Nevada News Reporter

Swiss probe 7 banks for suspected metals market rigging

Swiss probe 7 banks for suspected metals market rigging

The global investigation of suspected manipulation of precious metals markets expanded Monday as Switzerland’s competition authority said it is investigating seven banks over potential price-fixing. The subjects include U.S. bank Morgan Stanley, Switzerland-based UBS Group and Julius Baer Group, Germany’s Deutsche Bank, England-based HSBC Holdings and Barclays, and and Japanese trading house Mitsui & Co., according to the Bern-based Weko commission.

There are “indications” the banks made deals that violate competition rules on metals market spreads —  the difference between prices offered and the market rate — for gold, silver, platinum and palladium trading, the commission said. The banks either declined to comment or said they were cooperating with the investigation. Comco deputy director Patrik Ducrey said the timing and amount of the possible damage wasn’t yet known, the Associated Press reported.

The Swiss investigation joins similar probes in Europe and the U.S. A spokesman for the European Union’s competition office last month said the watchdog agency was examining potential “anti-competitive behavior in precious metals spot trading,”.  The U.S. Department of Justice sent HSBC a request in November seeking records for a criminal investigation “in relation to precious metals,” the bank disclosed in February. The federal Commodity Futures Trading Commission subpoenaed HSBC’s U.S. division in January seeking similar documents for a civil investigation, the bank also disclosed. Additionally, Switzerland’s financial regulator in November ordered UBS to return profits totaling 134 million Swiss francs after concluding that the bank’s traders had attempted to rig precious metals prices and foreign exchange market rates.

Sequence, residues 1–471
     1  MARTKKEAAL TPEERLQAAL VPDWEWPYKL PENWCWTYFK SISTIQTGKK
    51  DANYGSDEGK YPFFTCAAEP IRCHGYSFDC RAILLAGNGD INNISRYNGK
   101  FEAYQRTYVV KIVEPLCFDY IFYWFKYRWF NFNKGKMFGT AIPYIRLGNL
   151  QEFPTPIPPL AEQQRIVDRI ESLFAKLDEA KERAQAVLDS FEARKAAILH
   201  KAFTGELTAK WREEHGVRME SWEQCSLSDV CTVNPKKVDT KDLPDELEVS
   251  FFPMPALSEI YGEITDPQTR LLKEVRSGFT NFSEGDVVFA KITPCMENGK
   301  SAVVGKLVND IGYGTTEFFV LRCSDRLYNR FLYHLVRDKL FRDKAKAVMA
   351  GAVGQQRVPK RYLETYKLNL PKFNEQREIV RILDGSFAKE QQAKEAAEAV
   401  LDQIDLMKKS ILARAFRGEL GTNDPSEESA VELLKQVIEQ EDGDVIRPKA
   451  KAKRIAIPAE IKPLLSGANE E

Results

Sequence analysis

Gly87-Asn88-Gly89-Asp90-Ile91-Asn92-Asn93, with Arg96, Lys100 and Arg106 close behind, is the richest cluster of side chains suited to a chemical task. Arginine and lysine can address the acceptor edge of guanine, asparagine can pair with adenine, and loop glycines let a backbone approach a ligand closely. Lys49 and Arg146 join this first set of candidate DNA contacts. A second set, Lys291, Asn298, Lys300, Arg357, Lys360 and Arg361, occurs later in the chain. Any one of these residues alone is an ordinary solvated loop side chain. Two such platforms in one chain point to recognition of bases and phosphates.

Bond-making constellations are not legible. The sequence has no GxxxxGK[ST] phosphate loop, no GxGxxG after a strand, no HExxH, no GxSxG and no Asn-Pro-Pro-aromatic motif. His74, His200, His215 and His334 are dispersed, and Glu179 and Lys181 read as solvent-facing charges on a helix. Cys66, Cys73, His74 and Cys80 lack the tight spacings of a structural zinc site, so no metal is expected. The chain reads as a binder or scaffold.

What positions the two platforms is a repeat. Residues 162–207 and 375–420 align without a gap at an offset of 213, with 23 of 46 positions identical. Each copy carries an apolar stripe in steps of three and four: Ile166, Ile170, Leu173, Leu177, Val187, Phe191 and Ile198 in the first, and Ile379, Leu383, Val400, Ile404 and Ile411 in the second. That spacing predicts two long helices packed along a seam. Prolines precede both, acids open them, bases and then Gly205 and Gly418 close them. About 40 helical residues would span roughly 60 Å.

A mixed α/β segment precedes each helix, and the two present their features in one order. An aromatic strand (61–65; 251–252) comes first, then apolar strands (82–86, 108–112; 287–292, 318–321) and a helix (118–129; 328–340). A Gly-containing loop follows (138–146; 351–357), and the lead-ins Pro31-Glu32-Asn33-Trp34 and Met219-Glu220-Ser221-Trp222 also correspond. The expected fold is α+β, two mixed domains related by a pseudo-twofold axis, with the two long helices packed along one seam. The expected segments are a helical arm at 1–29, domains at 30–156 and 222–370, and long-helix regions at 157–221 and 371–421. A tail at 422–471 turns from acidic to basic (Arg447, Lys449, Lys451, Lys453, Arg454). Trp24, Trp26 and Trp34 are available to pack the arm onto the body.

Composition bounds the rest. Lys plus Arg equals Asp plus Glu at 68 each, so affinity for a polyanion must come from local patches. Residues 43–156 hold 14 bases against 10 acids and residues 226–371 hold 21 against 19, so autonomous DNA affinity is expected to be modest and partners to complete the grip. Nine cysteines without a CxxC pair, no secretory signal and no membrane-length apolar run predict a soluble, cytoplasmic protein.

The expanded scrutiny of precious metals trading follows similar investigations into manipulation of the world’s $5.3 trillion-a-day foreign exchange market and a global financial benchmark used to set rates on billions of dollars in mortgages, loans and credit cards. The benchmark is known as Libor, an acronym for London Interbank Offered Rate.